Unprotected exposure to the sun’s harmful ultraviolet (UV) rays can contribute to premature signs of skin ageing, such as fine lines, wrinkles, and dark spots. Areas that get the most sun exposure are generally considered to have a higher risk for sun damage—such as your face, neck, and forearms. To help protect skin from the sun’s damaging UVA and UVB rays, it’s important to follow a daily sun protection routine that includes a broad-spectrum face and body sunscreen with SPF30 or above.
CeraVe Says: No sunscreen blocks out UV rays completely, regardless of its SPF rating. We recommend staying out of the sun between 11 a.m. - 3 p.m., wearing protective clothing, and reapplying sunscreen at least every two hours throughout the day (as well as after swimming or sweating). A water-resistant sunscreen should be used if you're going to be sweating or spending time in water.
Skin sensitivity is more common on the face than elsewhere the body. There are many possible reasons for this, but it may be linked to the fact that facial skin is thinner than body skin and has more nerve endings. On the other hand, although skin on the body is thicker generally, some areas (such as your hands, feet, knees, and elbows) tend to face more wear and tear from common daily activities, like frequent hand washing, or friction from clothing. This can also result in dry, itchy, or sensitive skin in these areas.
Can You Use Body Lotion on Your Face?
Some moisturisers are suitable for use on both body and facial skin but this is very much product dependent. You should read the label on your product carefully before applying a body moisturiser to your face to confirm how (and where) the product should be applied.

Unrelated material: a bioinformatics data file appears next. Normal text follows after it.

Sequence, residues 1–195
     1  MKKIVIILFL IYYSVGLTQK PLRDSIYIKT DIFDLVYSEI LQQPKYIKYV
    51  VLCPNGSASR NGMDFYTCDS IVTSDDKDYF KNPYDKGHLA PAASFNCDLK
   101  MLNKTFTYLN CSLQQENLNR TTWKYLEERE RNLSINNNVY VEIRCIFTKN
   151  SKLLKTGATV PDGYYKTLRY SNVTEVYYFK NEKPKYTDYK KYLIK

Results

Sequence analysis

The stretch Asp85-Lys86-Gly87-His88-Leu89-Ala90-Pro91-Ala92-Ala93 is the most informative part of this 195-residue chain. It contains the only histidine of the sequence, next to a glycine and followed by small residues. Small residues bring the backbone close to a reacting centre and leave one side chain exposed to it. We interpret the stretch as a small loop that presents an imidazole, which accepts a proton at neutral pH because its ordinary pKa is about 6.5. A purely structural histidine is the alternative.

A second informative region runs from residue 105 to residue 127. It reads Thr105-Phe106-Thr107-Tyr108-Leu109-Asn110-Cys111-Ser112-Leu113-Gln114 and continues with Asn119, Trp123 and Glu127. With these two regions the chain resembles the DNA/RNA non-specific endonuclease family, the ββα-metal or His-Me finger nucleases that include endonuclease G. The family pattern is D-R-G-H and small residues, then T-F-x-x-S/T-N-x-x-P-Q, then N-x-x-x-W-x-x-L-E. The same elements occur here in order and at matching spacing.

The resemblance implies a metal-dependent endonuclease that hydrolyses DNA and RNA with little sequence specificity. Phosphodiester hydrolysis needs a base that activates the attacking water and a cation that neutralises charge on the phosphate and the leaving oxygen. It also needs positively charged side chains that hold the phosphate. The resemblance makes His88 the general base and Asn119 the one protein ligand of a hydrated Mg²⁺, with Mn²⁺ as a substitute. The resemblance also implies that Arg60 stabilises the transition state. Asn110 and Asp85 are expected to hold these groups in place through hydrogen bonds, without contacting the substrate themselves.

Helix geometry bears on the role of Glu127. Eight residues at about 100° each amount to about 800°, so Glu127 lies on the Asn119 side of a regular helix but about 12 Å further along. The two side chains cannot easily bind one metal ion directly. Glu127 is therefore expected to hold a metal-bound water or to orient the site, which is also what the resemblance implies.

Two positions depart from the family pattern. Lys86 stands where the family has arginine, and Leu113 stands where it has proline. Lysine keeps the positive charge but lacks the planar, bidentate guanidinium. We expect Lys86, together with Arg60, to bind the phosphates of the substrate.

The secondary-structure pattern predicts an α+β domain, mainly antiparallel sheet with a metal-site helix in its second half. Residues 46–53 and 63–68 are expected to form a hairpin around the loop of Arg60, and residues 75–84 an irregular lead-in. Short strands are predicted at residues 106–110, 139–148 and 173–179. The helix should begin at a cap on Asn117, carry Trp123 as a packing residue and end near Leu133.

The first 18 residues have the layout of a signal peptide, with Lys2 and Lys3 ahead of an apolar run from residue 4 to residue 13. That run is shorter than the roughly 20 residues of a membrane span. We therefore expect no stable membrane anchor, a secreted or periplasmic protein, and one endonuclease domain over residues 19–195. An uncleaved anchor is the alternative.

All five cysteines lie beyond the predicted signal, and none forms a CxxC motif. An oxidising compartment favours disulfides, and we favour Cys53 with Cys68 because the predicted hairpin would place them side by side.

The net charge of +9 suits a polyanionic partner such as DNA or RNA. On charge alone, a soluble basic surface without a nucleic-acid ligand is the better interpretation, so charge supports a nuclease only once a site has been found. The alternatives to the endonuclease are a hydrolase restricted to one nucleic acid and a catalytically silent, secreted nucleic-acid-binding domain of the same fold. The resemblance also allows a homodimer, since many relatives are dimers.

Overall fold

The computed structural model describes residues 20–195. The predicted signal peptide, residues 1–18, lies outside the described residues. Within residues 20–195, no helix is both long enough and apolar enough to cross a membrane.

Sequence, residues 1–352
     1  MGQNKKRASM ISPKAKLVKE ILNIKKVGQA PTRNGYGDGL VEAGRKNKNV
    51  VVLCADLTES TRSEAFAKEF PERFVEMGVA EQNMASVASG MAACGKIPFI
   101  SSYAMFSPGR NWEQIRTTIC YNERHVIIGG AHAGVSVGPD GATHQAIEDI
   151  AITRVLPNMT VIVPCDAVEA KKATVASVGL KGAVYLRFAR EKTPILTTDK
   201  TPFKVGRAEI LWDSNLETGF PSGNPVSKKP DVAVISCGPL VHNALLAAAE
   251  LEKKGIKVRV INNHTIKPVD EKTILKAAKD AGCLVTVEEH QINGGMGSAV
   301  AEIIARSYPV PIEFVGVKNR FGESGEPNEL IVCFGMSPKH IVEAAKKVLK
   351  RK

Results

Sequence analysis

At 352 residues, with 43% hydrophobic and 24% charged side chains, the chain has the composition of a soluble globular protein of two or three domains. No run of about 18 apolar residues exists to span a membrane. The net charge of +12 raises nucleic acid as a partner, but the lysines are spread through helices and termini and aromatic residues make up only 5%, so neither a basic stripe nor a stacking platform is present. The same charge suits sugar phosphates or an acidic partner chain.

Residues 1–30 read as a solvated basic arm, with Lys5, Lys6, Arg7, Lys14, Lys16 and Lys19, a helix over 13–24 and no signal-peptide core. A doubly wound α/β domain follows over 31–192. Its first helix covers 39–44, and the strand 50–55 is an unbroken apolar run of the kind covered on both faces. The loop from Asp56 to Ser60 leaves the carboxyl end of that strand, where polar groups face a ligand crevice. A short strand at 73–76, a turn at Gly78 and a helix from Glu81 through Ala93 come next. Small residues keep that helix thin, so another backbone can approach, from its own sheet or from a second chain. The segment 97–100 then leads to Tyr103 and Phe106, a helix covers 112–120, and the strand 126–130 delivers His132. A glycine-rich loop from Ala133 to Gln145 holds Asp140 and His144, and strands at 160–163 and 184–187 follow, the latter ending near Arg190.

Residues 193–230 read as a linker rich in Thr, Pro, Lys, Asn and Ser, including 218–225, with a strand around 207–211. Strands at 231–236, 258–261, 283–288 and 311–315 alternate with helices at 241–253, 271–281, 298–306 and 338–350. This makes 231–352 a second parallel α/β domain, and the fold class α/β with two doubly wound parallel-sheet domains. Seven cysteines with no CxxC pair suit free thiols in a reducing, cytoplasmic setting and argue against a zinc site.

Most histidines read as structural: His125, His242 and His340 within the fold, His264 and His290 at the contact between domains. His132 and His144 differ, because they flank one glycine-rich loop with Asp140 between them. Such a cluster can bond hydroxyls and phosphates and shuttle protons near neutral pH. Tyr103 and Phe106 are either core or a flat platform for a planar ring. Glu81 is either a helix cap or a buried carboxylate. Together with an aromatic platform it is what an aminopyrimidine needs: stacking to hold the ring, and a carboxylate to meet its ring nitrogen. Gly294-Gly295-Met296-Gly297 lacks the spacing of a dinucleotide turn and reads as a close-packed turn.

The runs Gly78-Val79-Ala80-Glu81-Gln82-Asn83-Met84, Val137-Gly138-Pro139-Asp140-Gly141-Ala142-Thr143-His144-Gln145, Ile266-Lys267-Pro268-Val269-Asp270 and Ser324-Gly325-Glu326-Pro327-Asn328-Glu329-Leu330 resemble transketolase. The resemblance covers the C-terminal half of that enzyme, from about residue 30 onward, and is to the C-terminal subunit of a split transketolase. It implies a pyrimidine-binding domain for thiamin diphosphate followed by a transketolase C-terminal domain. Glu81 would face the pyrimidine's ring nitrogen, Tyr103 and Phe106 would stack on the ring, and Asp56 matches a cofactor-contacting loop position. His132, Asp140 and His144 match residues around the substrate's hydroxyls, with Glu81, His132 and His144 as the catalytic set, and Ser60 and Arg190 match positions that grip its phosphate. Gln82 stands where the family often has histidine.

If the formula is suitable for use on the face, you should also keep in mind your skin type. CeraVe's general advice to people with skin sensitivities, mild eczema-prone or acne-prone skin is to opt for moisturisers that are fragrance-free, allergy-tested, and non-comedogenic (meaning the formula won’t clog your pores). Individuals with these skin types may want to consult a healthcare professional before using a body moisturiser on their face.
Can CeraVe Body Moisturisers Be Used on Your Face?
CeraVe offers a range of moisturiser options to suit a wide variety of skin types and preferences. Some CeraVe body moisturisers are non-comedogenic, so are suitable for use on your face. However, this doesn’t mean all CeraVe body formulas can be used on your face or vice versa. Always check the product label. Learn more about our multi-purpose body moisturisers below:
CeraVe Moisturisers for Use on Both Face and Body
Lightweight lotion for normal to dry skin
CeraVe Daily Moisturising Lotion is an ideal choice for gentle yet effective moisturising. This lightweight body lotion with hyaluronic acid and ceramides is oil-free, non-greasy, and fragrance-free. It's suitable for all skin types and can be used daily to help restore the skin's natural moisture barrier. Daily Moisturising Lotion also features MVE Delivery Technology, which continuously releases moisturising ingredients for all-day hydration.
Moisture Barrier-restoring cream for normal to dry skin
Another multi-tasker that might help streamline your skincare routine is CeraVe Moisturising Cream. This moisture barrier-restoring moisturising cream offers all the benefits of the Daily Moisturising Lotion but features a rich yet non-greasy cream texture. It’s formulated with useful ingredients for dry skin, such as hyaluronic acid, ceramides, and petrolatum—plus our MVE Delivery Technology. The cream can be used daily on the face or body to help restore the appearance of smooth, supple, and healthy-looking skin. It is also suitable for use on mild eczema prone skin.
Cochran ML, Lopez MJ, Czyz CN. Anatomy, Head and Neck: Eyelid. (Updated 2023 Aug 14). In: StatPearls [Internet]. Treasure Island (FL): StatPearls Publishing; 2023 Jan.
Clogged Pores. Cleveland Clinic, (Updated 19 Apr. 2022). Available at my.clevelandclinic.org/health/diseases/22773-clogged-pores. Accessed January 2024.
Farage MA. The Prevalence of Sensitive Skin. Front Med (Lausanne). 2019 May 17;6:98.